The practice of "team-building" is going through a sort of makeover. In order for companies to build a cohesive team, they're finding that they must first create the conditions necessary for team-members to form bonds.
Team bonding may just be one of the best investments a company can make, and studies have found that bonding activities can enhance overall productivity, positively impact leadership skills and customer focus, and maybe even boost the bottom line.
But company bonding can be less effective if certain guidelines are not met. Knowing which activities employees respond best to and how to implement them correctly is key.
Undeniably, there's a pretty clear difference between team-building activities that employees are forced to do and the fun activities they actually want to do.
For a closer look at the truth behind which activities employees are forced to do versus what they actually want to do, Nulab surveyed 1,000 full-time employees to learn how common these bonding events are, which tend to get employees the most excited, and their value as long-term investments.
Bring in the food
Nothing brings people together quite like food, and the same was certainly true among full-time employees polled for this study.
Eighty-eight percent of team-bonding exercises included food in some capacity (like a potluck or team lunches), and in nearly half of examples identified, alcohol was also present for company get-togethers. The second-most popular team-building exercises revolved around holiday events (78%) and gift exchanges (58%).
Interestingly, potlucks or company lunches were considered some of the most effective (62%) and most valuable (63%) team-building activities.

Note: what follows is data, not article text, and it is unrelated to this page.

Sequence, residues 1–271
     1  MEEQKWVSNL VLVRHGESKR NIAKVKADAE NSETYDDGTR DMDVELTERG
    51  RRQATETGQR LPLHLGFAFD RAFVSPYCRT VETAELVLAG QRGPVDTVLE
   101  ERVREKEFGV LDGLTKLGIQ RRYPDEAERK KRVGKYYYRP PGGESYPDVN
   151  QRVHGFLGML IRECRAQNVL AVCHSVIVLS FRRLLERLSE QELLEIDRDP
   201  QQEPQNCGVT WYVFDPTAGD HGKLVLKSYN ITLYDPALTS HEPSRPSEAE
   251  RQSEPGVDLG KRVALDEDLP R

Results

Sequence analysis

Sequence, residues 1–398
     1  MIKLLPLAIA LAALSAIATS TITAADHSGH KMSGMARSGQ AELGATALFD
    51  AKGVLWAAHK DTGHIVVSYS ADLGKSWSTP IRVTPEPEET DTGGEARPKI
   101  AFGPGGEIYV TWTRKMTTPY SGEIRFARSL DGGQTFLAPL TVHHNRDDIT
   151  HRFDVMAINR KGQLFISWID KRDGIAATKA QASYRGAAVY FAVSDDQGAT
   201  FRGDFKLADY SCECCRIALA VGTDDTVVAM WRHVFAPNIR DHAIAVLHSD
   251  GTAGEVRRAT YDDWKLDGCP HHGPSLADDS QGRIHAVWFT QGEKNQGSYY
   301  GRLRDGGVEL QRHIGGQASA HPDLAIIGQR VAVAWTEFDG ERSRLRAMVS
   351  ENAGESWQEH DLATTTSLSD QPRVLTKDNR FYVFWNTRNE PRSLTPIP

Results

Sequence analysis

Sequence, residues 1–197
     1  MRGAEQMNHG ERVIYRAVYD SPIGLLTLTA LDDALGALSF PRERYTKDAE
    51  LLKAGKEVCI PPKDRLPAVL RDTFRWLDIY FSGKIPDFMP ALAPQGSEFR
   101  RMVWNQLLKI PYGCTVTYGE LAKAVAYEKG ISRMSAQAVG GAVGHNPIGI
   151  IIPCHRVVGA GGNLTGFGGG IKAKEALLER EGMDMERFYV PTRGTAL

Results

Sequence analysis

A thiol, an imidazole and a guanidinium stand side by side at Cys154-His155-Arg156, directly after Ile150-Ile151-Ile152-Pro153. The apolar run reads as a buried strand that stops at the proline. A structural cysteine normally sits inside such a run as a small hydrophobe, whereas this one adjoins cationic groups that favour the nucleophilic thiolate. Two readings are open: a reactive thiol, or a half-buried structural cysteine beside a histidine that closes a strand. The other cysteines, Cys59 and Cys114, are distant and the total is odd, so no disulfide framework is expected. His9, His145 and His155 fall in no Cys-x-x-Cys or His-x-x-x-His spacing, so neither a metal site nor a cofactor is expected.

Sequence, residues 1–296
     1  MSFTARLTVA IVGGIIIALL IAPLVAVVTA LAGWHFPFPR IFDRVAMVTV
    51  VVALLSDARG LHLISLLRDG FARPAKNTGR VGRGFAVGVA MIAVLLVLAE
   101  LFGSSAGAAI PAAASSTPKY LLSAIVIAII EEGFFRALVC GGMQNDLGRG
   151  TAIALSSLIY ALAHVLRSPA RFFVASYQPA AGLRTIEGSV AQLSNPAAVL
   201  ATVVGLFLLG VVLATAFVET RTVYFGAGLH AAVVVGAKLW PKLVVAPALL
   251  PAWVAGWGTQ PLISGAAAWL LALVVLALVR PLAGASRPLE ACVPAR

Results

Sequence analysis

Appeal to your employees' passions
As the study found:
Volunteer days were considered the most effective and valuable team-building activities, despite being significantly less common than food or holiday events.
Only 1 in 5 full-time employees had participated in a company retreat, although they were nearly as effective and valuable for team building as volunteering.
Expert management consultant John Hagel said the secret to company success might not be in measuring employee engagement, but finding opportunities to stoke employees' passions.
Research on corporate volunteer and giving programs found that not only do these events help build better relationships among co-workers, but also they give team members an opportunity to engage with organizations they're genuinely passionate about.
Make team bonding optional
According to the survey, full-time employees were 3.6 times more likely to enjoy team bonding that was optional rather than mandatory. More than half of employees also acknowledged always participating in optional team-bonding exercises offered by their company.
Make team bonding enjoyable
Crafting enjoyable experiences that employees want to attend may not come easily to some company leaders, but the results can be invaluable. When employees know the purpose of the activity and enjoy the event, they may see a boost in their peer relationships, their ability to communicate effectively, and their overall enjoyment.
While there were still some questions about productivity, many employees clearly identified the perks of team bonding. Around 96% cited having better relationships with their colleagues, followed by collaboration and open dialogue.